9/9- Weekly Economic Highlights

9/9- Weekly Economic Highlights

The European Central Bank (ECB) raised interest rates by 0.75% for the first time in its history on Thursday in an attempt to contain Eurozone inflation. ECB President Christine Lagarde also implied that additional rate hikes this year are likely. In the US, Federal Reserve (Fed) Chair Jerome Powell, along with Federal Open Market Committee (FOMC) voting members Lael Brainard, James Bullard, Esther George and Christopher Waller all indicated this week that they are supportive of continued rate hikes. Market participants have mostly priced in a 0.75% rate increase at the next FOMC meeting on September 21.

Meanwhile, the Fed’s Beige Book, which is a detailed report of current economic conditions, indicated that economic growth in the US has slowed, with declines in gasoline prices partially offset by increases in other areas such as food, shelter and services.

The Institute for Supply Management (ISM) Services Index came in better than expected for August at 56.9, indicating that the US economy is absorbing tighter central bank monetary policy relatively well so far. Readings over 50 reflect an expansion in the service sector of the economy.

US Treasury rates moved higher as nearly $53 billion of investment grade corporates were issued earlier in the week, along with the Fed doubling the pace of its balance sheet runoff starting this month from $47.5 to $95 billion per month of US Treasuries and agency mortgage-backed securities. The Federal Reserve ramped up the size of its balance sheet to almost $9 trillion to improve liquidity in the capital markets and to provide monetary accommodation to support the economy during the pandemic.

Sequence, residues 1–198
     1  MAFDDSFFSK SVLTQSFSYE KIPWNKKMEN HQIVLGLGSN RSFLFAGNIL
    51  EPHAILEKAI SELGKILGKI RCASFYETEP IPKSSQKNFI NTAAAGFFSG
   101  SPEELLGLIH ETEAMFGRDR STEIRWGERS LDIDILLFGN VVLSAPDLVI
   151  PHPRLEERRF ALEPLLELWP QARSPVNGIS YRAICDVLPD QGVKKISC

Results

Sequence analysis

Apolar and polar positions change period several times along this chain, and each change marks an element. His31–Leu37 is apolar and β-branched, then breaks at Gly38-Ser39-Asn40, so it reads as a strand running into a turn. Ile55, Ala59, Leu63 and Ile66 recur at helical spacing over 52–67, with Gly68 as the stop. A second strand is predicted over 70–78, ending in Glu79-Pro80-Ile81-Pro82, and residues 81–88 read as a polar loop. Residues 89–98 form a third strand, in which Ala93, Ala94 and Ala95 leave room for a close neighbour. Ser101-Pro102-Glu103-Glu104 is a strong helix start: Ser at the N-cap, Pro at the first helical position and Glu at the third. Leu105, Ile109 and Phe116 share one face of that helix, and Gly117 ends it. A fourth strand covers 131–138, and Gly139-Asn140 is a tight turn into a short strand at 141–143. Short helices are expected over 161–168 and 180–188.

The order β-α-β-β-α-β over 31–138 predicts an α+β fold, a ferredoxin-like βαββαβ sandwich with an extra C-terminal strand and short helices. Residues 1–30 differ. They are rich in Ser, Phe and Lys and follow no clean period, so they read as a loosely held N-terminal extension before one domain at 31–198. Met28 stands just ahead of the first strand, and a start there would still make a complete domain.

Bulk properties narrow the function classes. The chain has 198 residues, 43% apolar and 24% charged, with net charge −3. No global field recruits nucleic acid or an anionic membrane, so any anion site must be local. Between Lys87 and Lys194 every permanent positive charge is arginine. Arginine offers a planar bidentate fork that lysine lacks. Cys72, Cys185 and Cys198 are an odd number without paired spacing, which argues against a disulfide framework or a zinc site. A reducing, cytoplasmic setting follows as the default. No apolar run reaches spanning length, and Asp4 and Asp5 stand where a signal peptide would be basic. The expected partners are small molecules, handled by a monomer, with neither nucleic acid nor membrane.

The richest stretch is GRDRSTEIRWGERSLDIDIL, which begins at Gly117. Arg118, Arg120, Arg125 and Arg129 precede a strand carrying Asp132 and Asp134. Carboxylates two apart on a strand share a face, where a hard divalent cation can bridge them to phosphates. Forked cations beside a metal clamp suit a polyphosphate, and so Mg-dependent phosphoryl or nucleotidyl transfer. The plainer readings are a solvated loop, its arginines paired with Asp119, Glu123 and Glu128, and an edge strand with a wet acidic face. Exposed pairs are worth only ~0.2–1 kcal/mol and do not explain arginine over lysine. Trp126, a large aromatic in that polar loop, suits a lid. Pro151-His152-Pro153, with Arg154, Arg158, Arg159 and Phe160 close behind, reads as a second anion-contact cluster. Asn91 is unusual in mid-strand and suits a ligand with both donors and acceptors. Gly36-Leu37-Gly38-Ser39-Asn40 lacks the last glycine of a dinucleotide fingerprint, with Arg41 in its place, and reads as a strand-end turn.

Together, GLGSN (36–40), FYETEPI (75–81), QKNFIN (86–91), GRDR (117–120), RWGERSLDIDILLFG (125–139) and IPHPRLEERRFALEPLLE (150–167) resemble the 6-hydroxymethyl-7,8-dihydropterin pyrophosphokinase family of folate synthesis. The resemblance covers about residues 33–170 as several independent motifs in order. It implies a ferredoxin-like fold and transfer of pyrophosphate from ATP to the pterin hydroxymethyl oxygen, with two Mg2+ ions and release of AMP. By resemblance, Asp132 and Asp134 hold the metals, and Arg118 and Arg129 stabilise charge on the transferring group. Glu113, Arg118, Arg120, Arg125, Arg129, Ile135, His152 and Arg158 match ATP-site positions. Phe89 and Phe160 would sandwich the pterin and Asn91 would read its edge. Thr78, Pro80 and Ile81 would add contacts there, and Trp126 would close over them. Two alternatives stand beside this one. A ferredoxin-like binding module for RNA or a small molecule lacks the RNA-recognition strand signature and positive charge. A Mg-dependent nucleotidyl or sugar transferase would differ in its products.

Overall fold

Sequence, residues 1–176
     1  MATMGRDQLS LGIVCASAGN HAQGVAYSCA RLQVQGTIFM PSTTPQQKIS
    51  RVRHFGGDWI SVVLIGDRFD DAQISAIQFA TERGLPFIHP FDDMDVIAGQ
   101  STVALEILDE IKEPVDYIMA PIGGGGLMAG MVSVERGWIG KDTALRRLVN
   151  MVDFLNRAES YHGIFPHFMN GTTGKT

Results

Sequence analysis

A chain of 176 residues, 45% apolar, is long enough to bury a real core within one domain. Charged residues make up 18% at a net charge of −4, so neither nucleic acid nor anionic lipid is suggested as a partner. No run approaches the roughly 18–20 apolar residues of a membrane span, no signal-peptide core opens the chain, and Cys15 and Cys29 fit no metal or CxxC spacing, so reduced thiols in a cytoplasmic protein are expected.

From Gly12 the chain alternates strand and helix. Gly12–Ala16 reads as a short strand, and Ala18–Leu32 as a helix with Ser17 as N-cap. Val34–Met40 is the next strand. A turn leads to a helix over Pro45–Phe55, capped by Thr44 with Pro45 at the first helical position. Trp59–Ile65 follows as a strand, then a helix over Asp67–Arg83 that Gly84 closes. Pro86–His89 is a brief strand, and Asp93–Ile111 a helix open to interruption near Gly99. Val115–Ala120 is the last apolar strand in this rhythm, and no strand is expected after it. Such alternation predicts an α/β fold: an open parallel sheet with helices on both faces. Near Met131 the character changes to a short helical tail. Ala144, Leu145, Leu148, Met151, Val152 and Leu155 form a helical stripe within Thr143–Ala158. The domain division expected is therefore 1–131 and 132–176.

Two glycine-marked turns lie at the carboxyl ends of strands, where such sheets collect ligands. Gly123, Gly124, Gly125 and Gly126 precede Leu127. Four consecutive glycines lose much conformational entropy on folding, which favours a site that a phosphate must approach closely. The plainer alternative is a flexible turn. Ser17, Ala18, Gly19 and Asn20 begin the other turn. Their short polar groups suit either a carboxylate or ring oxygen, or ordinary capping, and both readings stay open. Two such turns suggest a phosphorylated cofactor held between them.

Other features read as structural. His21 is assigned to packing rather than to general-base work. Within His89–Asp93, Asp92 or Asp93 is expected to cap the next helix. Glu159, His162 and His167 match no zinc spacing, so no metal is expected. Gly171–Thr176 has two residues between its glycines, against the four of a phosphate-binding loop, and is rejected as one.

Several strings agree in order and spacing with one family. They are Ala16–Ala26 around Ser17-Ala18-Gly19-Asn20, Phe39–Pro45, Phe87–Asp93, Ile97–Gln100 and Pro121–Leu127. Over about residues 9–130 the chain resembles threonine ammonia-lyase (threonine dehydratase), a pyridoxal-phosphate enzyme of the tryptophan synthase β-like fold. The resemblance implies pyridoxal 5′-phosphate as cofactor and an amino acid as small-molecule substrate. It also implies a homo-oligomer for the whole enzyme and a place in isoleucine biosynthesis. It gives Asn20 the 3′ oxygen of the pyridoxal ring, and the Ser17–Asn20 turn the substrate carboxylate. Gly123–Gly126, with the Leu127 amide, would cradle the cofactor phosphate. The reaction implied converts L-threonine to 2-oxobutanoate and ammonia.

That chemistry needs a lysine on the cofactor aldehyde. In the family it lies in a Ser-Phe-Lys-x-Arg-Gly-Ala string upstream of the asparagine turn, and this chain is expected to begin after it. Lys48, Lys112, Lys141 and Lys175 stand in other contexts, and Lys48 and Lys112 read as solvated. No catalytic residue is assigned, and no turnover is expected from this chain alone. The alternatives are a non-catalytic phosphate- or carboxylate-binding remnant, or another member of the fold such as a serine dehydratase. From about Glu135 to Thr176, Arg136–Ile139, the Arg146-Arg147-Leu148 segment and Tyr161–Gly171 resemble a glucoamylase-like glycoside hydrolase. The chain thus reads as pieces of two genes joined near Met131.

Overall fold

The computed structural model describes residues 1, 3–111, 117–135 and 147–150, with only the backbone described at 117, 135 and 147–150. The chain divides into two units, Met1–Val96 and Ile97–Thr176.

The upcoming full slate of economic data will inform the Federal Reserve’s rate decision on September 21, with key reports on inflation and the health of the US consumer.

Next Week:

Consumer Price Index, Producer Price Index, Advance Retail Sales, Industrial Production, University of Michigan Sentiment

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© 2022 Chandler Asset Management, Inc. An Independent Registered Investment Adviser. Data source: Bloomberg and Federal Reserve. This report is provided for informational purposes only and should not be construed as specific investment or legal advice. The information contained herein was obtained from sources believed to be reliable as of the date of publication, but may become outdated or superseded at any time without notice. Any opinions or views expressed are based on current market conditions and are subject to change. This report may contain forecasts and forward-looking statements which are inherently limited and should not be relied upon as an indicator of future results. Past performance is not indicative of future results. This report is not intended to constitute an offer, solicitation, recommendation, or advice regarding any securities or investment strategy and should not be regarded by recipients as a substitute for the exercise of their own judgment. Fixed income investments are subject to interest rate, credit, and market risk. Interest rate risk: The value of fixed income investments will decline as interest rates rise. Credit risk: the possibility that the borrower may not be able to repay interest and principal. Low-rated bonds generally have to pay higher interest rates to attract investors willing to take on greater risk. Market risk: the bond market, in general, could decline due to economic conditions, especially during periods of rising interest rate.